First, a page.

LFF Review: Chained for Life



Hollywood has never exactly been what you’d call an equal opportunities employer. It never fails to amaze me how everyone from the ‘ugly’ character upwards in a big budget film normally looks like a model. A normal weight in the real world seems to be considered practically obese by some Studios. Having a facial disfigurement himself, director Aaron Schimberg knows all too well how the industry works. His new film Chained for Life is a biting satire.

Mabel (Jess Weixler) is a beautiful actress who takes the part of a blind woman in a horror film about people with deformities. It’s the first English-language film by an eccentric German director (Charlie Korsmo). Her male lead, Rosenthal (Adam Pearson), has neurofibromatosis. Mabel is well intentioned and gradually falls for her co-star. Whilst the filming doesn’t exactly go as planned, the pair dance around each other and a bizarre menagerie.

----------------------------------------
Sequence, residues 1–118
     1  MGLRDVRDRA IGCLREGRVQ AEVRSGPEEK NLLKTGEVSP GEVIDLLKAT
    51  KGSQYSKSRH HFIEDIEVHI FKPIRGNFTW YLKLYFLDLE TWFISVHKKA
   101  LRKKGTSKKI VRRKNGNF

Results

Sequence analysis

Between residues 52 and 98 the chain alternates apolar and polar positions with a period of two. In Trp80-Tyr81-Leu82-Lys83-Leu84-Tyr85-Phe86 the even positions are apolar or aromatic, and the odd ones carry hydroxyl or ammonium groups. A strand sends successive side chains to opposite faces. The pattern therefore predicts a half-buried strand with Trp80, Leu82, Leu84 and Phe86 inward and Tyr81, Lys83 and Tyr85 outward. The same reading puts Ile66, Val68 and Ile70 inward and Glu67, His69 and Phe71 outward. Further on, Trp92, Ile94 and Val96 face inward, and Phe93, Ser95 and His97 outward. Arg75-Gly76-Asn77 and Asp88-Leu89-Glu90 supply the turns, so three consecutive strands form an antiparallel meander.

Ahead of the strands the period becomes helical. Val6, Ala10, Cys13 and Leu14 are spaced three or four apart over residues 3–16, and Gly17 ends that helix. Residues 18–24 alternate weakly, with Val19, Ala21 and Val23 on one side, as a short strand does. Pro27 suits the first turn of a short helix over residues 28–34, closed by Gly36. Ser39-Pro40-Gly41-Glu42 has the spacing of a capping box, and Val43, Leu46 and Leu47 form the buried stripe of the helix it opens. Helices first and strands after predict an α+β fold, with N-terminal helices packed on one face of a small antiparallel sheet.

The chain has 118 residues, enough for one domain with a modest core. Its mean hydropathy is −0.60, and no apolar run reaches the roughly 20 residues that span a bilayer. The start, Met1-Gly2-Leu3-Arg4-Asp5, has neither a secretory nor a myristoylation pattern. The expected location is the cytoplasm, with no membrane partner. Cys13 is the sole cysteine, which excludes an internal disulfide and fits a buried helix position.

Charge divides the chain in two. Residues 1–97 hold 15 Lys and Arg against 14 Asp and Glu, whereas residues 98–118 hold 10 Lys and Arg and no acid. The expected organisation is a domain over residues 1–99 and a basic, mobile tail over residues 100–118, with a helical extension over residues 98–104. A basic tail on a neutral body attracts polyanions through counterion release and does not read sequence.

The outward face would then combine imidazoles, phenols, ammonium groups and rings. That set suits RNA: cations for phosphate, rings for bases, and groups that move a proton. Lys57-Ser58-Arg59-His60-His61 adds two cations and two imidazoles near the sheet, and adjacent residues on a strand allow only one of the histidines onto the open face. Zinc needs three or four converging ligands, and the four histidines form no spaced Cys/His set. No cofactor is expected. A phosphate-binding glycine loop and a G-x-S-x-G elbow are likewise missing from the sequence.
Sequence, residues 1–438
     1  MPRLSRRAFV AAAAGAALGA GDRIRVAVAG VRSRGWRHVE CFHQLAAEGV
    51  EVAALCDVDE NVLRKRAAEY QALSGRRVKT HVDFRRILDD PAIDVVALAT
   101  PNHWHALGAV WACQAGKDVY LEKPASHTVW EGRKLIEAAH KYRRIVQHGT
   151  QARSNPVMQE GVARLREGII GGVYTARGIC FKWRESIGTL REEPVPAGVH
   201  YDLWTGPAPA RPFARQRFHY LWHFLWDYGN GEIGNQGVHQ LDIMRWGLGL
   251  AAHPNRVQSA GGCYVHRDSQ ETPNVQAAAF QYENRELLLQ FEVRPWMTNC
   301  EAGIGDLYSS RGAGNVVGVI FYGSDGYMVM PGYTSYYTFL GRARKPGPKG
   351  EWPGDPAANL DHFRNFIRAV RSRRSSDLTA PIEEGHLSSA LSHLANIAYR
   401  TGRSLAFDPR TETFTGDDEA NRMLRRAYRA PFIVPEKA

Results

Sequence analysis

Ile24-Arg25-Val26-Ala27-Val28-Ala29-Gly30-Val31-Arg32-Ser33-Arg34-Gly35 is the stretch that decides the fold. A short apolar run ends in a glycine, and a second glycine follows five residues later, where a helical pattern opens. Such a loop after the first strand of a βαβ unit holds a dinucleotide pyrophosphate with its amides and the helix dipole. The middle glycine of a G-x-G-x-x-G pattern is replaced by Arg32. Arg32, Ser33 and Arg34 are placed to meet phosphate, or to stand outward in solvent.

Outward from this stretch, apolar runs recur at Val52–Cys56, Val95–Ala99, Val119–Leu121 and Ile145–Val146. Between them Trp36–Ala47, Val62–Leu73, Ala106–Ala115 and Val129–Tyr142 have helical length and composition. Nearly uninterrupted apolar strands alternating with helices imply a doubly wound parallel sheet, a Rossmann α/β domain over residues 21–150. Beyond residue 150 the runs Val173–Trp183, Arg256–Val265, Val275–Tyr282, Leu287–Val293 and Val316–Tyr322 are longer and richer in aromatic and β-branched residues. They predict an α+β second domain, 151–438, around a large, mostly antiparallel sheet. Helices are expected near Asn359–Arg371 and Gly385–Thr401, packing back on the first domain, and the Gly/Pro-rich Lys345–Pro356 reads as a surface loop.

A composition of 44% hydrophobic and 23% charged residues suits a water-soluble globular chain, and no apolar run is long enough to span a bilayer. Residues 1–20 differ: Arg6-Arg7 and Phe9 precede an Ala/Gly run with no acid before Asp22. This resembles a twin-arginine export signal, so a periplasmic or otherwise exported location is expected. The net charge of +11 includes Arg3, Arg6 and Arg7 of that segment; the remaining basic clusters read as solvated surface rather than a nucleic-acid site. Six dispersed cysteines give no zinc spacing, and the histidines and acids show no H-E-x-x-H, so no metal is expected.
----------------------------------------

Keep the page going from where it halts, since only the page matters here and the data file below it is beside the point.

Chained for Life is a unique work of experimental cinema which merges the tropes of B-Movie exploitation with an offbeat rom-com. Pearson, who impressed so much in Under the Skin, once again shines as the irrepressible and relentlessly nice Rosenthal. Schimberg, presumably inspired by the 1956 film of the same name, has made one of the cleverest Hollywood satires you’re likely to see. Whilst the tide is (very slowly) turning, casting protocols still desperately need addressing. Chained for Life does this with vim and vigour, creating a hugely entertaining romp and one of the most distinct films of the year.

Chained for Life screened at London Film Festival on 16 & 18 October. It is out in cinemas on 25 October.

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